Tribes shot to fame by creating a name for themself the old fashioned way by gigging around Camden. In fact it was practically impossible to find any indication they even existed on the internet in the early days, such behaviour is practically unheard of within this technological age we now live in. Despite their non-existence within the world wide web Tribes’ first album Baby was received well and gained them the accreditation of the next big grunge band (a title they have subsequently refuted).
Every band begins the daunting task of writing album number two with trepidation. Instead of recording in backstreets of London, Tribes took to the states to record in LA in Sound City Studio, the so-called holy ground of recording studios as the likes of Nirvana’s Nevermind and Fleetwood Mac Rumours were recorded there. There is a definite American influence upon this second album. Whilst Baby has a distinctly raw British feel to it Wish To Scream appears slightly more polished. As clichéd as this is Tribes have also matured in their sound. There is nothing like the raucous and distinctly teenage track ‘When My Day Comes’ on this second album. Instead Tribes make use of the tools available to them, deciding to include gospel choirs, pianos and saxophones, an entirely different musical texture to that of their debut, that offers brief glimpses of the edgier sounding first album.
Stand out tracks on the album include ‘How the Other Half Live’ and ‘Wrapped up in a Carpet’. Both tracks demonstrate how Tribes have wholeheartedly immersed themselves into American culture. Whilst this creates an exploration of new musical textures I hate to say it but I miss the edginess of the first album. In a way it had more soul. The whole album feels like a lazy afternoon in the hazy American outback. Pleasant as this is, I find myself at times yearning for the dirty sounds of rain, tea and scones.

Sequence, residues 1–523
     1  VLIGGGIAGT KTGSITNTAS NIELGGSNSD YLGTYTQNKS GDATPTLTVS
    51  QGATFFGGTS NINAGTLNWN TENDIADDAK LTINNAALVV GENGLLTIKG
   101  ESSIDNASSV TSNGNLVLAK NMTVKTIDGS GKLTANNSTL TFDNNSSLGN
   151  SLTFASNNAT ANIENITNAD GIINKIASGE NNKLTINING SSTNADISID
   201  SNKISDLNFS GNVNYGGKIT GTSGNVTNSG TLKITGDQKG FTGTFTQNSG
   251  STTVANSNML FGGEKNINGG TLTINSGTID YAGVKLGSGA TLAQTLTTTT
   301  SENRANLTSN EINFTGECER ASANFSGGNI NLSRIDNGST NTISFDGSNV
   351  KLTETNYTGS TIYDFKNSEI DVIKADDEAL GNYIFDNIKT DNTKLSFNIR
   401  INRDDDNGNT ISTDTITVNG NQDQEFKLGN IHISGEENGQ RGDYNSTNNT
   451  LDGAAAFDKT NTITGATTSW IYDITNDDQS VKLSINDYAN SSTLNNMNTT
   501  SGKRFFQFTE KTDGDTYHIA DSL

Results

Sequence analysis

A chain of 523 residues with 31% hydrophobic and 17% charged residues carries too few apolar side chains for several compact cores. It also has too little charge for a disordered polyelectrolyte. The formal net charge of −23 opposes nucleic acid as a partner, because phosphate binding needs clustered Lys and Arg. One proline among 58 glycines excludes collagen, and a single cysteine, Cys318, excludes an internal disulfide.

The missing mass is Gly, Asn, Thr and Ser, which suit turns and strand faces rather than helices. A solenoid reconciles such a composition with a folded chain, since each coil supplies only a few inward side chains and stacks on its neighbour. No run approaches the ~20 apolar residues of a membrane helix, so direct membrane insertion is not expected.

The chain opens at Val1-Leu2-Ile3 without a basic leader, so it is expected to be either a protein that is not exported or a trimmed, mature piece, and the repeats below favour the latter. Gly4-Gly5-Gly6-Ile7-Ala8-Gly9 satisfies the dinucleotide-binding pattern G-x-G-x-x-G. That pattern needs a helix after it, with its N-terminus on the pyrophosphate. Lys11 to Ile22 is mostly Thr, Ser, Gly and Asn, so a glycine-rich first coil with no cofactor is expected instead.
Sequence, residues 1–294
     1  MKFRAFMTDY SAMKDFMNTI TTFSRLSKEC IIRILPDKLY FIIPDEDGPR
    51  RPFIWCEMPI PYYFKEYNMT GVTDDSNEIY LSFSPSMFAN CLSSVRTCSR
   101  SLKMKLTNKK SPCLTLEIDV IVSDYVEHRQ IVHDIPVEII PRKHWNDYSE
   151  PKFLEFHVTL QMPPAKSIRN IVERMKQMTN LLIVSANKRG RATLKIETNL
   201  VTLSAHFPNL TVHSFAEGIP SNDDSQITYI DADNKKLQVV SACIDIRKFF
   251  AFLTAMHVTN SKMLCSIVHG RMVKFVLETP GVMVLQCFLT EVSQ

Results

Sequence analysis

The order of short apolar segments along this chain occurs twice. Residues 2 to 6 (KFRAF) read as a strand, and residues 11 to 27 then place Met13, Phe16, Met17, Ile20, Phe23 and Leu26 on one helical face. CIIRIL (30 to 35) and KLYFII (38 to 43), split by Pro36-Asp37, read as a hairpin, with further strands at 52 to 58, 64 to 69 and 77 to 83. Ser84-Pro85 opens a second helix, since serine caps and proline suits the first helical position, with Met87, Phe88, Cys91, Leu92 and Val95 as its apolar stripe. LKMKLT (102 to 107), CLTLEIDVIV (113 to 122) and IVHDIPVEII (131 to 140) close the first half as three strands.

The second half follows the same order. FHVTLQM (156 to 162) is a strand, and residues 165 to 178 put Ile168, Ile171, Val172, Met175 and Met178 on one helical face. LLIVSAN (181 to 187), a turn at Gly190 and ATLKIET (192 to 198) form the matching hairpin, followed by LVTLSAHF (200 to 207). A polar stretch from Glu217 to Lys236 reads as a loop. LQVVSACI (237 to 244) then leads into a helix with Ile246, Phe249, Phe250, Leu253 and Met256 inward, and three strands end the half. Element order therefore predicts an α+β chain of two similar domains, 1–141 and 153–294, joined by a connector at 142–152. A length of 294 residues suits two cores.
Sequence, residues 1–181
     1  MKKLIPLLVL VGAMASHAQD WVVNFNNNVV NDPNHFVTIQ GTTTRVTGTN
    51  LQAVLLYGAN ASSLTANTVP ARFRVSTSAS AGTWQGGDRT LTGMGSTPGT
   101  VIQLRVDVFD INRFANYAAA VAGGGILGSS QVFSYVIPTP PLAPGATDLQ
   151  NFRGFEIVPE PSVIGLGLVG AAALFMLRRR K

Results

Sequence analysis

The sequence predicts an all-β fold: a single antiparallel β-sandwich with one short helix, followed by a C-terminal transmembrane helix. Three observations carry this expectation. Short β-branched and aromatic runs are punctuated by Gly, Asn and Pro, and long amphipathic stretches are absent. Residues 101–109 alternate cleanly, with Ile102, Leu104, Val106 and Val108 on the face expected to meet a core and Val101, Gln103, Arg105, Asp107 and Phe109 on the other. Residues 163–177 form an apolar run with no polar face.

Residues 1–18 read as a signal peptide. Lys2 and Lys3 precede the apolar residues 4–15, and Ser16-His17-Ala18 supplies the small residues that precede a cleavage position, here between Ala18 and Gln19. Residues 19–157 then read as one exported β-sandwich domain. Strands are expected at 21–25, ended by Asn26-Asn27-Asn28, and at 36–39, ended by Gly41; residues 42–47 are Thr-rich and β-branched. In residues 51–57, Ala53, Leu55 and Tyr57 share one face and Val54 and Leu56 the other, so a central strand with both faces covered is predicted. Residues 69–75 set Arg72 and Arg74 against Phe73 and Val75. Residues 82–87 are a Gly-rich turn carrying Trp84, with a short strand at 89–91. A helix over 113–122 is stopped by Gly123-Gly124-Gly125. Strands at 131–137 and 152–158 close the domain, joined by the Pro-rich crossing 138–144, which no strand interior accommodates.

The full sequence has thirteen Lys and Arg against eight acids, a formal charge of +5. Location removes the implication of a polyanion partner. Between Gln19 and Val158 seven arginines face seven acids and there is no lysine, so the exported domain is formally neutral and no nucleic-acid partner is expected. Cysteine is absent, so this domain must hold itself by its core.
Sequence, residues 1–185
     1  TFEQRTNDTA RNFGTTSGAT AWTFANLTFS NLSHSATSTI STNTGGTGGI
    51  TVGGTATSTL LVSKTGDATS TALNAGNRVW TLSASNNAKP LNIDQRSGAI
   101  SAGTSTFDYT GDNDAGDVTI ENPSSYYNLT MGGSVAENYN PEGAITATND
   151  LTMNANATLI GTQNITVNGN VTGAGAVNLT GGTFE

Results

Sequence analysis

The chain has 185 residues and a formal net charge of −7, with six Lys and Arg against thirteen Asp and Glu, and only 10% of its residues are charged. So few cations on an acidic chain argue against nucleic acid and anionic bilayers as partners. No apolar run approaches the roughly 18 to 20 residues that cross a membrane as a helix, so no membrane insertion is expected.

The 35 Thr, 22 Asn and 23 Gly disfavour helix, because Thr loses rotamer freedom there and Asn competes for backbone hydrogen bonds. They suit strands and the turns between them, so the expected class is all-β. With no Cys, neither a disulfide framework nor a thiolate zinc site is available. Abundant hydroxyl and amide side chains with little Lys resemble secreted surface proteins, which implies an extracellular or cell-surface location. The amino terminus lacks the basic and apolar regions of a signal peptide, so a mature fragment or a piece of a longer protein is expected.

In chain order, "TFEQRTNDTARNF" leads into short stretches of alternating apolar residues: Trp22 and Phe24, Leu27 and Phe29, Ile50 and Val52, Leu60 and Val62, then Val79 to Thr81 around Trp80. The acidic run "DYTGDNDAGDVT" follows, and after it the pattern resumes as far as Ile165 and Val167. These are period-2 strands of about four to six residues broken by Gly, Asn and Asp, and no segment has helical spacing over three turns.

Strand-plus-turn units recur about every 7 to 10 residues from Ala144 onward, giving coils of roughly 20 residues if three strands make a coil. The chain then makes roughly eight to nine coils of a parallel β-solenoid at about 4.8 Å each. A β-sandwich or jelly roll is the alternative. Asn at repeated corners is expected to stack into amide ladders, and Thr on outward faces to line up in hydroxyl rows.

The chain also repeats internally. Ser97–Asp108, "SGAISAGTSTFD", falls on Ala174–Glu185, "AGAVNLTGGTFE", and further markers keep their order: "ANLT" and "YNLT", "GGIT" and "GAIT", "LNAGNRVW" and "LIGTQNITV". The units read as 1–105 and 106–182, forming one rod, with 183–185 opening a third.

A distinctive feature of this album is Tribes’ ability to recreate the sounds of the sixties. This doesn’t feel forced or in anyway chemically created but instead appears like a natural reaction. There is nothing worse than a band that tries to create a forced ‘vintage’ sound in a desperate attempt to earn credibility as being ‘ones to watch’.
Unfortunately Wish to Scream has not injected me with excitement. I’m struggling to find a track on the album that will be the track crowds hanker for at gigs. This surprises me, as Tribes are a band that constantly tour. They made a name for themselves through gigging everywhere and anywhere so it seems odd that there doesn’t seem to be that one standout rip-roaring track on the album. Wish to Scream is surprisingly mellow. There is definitely no danger of anyone describing Tribes as a grunge band anymore as there is nothing that remotely resembles grunge on this album at all. Instead Tribes have attempted to marry together the best of British and America. Have they been successful? In places yes. They have moved on from the angsty feel of the first album to softer, greener pastures. I just hope they haven’t lost some of their energy along the way.
You can get your hands on a copy of ‘Wish To Scream’ on 20 May 2013. Tribes are currently on tour. You can get tickets here.